A British Muslim academic has won a WhatsApp defamation claim at the London High Court against associates of the trustees of Exeter Mosque who admitted to defaming the academic through several social media posts branding him a “terrorist” and a member of Ikhwan ul Muslimoon (the Muslim Brotherhood).
A British Muslim academic has won a WhatsApp defamation claim at the London High Court.
At the High Court’s Queen’s Bench Division, Mohammed Nibras Hassan, the son of Shaheed Ul Hassan who is the head of Exeter Mosque, accepted that he had made baseless and damaging claims against Tallha Abdulrazaq, a well-known expert on Middle Eastern conflict, counterterrorism, and Daesh extremist.
A similar allegation of “extremism”, “violence”, and “sectarianism” against Abdulrazaq had been made in the summer of 2015 when he raised concerns regarding the lack of transparency at the Exeter Mosque.
The British Muslim had filed that claim in January 2016 at the London High Court.
Hassan, who also goes by the name of Anas, called Abdulrazaq a “terrorist” and a member of the Muslim Brotherhood and said that the Brotherhood were “indirectly or directly related to terrorism” on a WhatsApp group that contained more than 100 participants.
Abdulrazaq launched his claim on the basis that he was neither a terrorist nor a member of the Muslim Brotherhood.
He asked Hassan to apologize and retract his statement but Hassan refused and taunted him, believing that Abdulrazaq would not sue because he lacked the finances to hire expensive defamation lawyers.
Abdulrazaq instead embarked on suing as a litigant in person, conducting his own High Court claim against Mr. Hassan’s legal team.
The defamatory campaign against Abdulrazaq, who is also President of the Exeter Muslims Association in the city of Exeter, started when he stated that the mosque trustees were unelected, and the secretary of the board and his family and friends have controlled the mosque since 1976.
It intensified following the key role he played in exposing the trustees’ links to an extremist cleric.
The trustees at the time were the secretary, Shaheed Ul Hassan, Mohammad Abdullah, Ahmad al-Jannati, Mohammad Saeid.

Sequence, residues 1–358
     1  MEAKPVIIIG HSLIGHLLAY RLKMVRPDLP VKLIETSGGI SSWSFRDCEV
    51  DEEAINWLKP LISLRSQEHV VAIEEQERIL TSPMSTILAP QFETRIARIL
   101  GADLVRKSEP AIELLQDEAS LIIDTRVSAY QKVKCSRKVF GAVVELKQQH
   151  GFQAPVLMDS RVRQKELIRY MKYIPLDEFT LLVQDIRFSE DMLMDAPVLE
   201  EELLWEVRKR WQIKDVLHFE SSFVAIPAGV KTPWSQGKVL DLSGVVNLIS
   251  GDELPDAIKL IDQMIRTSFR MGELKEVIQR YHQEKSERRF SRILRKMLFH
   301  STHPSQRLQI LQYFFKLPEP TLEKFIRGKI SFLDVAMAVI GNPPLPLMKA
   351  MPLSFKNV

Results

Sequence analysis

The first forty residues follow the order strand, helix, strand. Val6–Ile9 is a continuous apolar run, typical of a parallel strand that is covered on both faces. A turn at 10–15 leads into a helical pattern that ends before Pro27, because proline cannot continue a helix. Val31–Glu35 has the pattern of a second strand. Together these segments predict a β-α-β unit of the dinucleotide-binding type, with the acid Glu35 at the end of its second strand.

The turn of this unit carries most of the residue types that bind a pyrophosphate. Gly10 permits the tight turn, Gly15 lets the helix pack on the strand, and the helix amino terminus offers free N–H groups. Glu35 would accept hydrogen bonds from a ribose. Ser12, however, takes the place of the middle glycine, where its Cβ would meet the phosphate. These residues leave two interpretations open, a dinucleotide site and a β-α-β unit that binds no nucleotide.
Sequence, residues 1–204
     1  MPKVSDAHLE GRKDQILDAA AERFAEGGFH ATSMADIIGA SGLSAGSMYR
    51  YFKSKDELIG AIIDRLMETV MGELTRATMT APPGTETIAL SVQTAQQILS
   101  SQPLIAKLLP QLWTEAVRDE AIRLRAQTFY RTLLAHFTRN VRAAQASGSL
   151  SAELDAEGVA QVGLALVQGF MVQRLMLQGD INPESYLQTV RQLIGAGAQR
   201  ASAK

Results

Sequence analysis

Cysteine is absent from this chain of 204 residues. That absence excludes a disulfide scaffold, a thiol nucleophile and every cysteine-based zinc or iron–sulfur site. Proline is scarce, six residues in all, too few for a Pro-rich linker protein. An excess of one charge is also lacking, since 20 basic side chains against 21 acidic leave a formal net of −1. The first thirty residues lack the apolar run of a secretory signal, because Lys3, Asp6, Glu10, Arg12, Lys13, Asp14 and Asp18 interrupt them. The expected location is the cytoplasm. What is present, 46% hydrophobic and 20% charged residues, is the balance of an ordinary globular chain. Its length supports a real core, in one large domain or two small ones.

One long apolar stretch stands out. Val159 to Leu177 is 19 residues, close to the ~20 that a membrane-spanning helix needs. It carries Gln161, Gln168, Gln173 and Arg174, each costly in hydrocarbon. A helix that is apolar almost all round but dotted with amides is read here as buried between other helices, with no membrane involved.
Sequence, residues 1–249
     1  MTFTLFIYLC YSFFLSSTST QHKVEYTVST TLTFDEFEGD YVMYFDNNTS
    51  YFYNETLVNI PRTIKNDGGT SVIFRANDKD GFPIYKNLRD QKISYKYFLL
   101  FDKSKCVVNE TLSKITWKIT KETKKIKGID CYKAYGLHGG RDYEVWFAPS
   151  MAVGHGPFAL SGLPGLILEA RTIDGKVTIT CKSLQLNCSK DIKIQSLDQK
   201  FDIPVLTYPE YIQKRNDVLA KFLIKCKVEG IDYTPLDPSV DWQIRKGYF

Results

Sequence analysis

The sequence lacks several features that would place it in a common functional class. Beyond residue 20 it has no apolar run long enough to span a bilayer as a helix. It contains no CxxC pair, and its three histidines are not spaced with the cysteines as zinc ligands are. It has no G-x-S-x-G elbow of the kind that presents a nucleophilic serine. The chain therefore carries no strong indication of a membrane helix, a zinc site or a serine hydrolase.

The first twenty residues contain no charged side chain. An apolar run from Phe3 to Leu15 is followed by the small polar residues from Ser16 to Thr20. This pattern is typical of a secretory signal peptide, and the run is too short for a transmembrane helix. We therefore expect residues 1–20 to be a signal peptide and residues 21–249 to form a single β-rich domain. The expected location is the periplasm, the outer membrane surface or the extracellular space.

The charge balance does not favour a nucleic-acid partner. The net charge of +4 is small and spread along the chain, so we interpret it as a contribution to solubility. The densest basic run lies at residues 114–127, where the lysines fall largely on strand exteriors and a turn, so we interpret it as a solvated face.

According to a report, Abdulrazaq’s father was also a trustee at the time and had been querying cash payments received from Sheikh Sadiq al-Ghariani in the region of £250,000.
Abdulrazaq queried these payments and asked why cash payments were being received from suspect sources.
Within months, Abdulrazaq’s father was removed from the board of trustees without warning.
The court papers maintained that Ghariani had offered public support to Al-Qaeda-linked extremist in Libya and supported radicalism and he was barred from entrance into the UK by the Home Office.
With assistance from the local community, Abdulrazaq helped guide an online campaign demanding answers from the trustees about these concerns and the lack of democracy and accountability in the governance of their mosque.
The trustees refused to answer questions but ultimately admitted to accepting money from Ghariani.
Abdulrazaq filed the court claim against Hassan not long after in early 2018.
On October 29, 2019, Abdulrazaq succeeded in proving that Hassan had unambiguously meant to brand him a terrorist and wanted people to think he was a terrorist with violent tendencies.
Following the High Court victory, Abdulrazaq approached renowned defamation lawyer Mark Lewis of Patron Law who agreed to take his case on a no win, no fee basis on the basis of its strength and who successfully concluded settlement negotiations on his behalf.
At the Royal Courts of Justice on Wednesday, Hassan issued an unreserved apology to Abdulrazaq for any distress or embarrassment that the publication of the false allegations may have caused him and for any damage they may have been caused to his reputation.
Hassan also agreed to pay “substantial damages” to Abdulrazaq.